A number of police stations in this province appear to be ill equipped to adequately function during load shedding according to information from the South African Police Service (SAPS) Strategic Plan published last week. I am now requesting from SAPS Provincial Management a full briefing on police station functionality during load-shedding in light of the functional under resourcing which is likely to occur up to 201718 in this province.
Earlier this year a number of police stations reported that during scheduled load-shedding days and times their phones do not work when the power is off with other stations reporting that they don’t even have diesel to power the generators at times.
All these coupled with claims from the public that SAPS are unable to take down statements during load-shedding requires immediate investigation and public reassurance that safety in the province is not subject to the availability of electricity.
Though I appreciate that, according to the latest Strategic Plan of the SAPS, 22 out of 48 generators to be supplied by the SAPS are earmarked for the Western Cape more than half of these will only be made available in 201708.
This leaves three years of uncertainty for the people of the province whether they will be able to access vital safety services or not during what has now become regular load shedding.
Furthermore, of the four provinces to receive electricity generators for use in an event of a power outage, the Western Cape will be receiving almost half of the new supply which is yet more evidence that this province has been neglected by National SAPS Management in the past.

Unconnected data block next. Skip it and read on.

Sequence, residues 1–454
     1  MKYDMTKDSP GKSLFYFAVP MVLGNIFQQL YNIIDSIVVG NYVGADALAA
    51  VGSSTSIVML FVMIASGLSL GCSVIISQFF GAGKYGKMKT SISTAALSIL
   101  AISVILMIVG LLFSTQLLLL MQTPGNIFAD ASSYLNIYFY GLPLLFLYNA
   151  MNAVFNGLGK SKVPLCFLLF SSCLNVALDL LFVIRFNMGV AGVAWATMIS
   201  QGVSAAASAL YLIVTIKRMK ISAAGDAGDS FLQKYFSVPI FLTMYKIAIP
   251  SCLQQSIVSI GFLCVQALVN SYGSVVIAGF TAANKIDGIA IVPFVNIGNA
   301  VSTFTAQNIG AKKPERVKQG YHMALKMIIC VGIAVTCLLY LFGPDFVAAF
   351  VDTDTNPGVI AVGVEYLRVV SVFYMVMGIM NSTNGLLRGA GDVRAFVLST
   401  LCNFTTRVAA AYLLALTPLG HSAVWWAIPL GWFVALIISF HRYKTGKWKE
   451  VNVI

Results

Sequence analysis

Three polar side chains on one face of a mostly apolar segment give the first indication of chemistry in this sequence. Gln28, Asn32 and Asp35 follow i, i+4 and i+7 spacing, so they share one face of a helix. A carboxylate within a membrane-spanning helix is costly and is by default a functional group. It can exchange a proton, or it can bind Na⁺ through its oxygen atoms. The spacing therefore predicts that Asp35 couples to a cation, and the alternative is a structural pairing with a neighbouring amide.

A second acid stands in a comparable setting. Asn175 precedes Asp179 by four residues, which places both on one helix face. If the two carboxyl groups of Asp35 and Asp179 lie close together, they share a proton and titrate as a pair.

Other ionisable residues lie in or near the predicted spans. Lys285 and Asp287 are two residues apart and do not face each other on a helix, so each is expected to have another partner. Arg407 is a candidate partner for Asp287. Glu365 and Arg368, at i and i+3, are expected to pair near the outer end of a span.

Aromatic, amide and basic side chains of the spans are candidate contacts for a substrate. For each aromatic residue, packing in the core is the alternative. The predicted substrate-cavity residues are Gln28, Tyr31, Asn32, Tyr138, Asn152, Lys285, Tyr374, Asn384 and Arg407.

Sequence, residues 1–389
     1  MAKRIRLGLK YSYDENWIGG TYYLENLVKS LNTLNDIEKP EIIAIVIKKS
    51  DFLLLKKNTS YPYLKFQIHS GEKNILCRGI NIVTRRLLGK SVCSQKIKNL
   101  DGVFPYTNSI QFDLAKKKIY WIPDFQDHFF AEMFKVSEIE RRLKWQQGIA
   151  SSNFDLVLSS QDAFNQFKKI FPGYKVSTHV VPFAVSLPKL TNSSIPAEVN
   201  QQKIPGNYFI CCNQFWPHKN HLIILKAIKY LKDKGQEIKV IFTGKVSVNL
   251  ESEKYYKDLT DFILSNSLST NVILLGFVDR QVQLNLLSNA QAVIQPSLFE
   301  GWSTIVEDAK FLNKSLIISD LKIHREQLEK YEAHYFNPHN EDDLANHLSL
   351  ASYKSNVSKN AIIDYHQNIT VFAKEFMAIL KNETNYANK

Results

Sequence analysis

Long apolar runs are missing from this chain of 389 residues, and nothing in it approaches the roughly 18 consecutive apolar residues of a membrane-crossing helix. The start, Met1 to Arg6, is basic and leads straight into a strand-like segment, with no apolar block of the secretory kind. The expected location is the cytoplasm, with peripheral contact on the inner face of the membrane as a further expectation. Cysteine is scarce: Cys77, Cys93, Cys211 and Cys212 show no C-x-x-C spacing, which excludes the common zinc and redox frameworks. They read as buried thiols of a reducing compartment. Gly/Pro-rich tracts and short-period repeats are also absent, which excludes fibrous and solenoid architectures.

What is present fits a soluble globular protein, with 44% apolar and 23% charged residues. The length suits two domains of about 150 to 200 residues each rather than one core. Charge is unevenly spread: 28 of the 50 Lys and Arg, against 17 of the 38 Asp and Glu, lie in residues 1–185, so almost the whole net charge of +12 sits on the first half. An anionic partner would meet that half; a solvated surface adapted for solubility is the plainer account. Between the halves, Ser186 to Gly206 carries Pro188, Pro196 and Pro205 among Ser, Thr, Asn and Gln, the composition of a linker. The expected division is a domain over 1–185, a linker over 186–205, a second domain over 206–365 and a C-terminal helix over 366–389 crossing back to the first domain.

The recent media reports that only 30% of SAPS stations countrywide have electricity generators and that radio communications can be interrupted by prolonged power outages are of great concern as most stations uses a switchboard system for the phones which needs electricity to run on and are dependent on radio communications for officers in the field.
I have been raising concerns about SAPS stations’ accessibility by phone during load-shedding with suspended Provincial Commissioner Arno Lamoer since February this year. At the time I was assured that the SAPS are addressing the challenges and that the public should rather call 10111 during load-shedding (instead of 08600 10111).
The 10111 number has however not been without fault over the last couple of months with my office receiving numerous complaints from the public about the line not being answered or an unacceptably slow response.
These are serious challenges which cannot be left unchecked, and I am confident that the current SAPS management in this province will do everything possible to ensure that policing in this province is unaffected by Eskom’s inability to supply reliable energy to essential services.
No person in the Western Cape should be exposed to a lesser quality of policing and safety services or not to be able to access help when the power is out.
Source : South African Government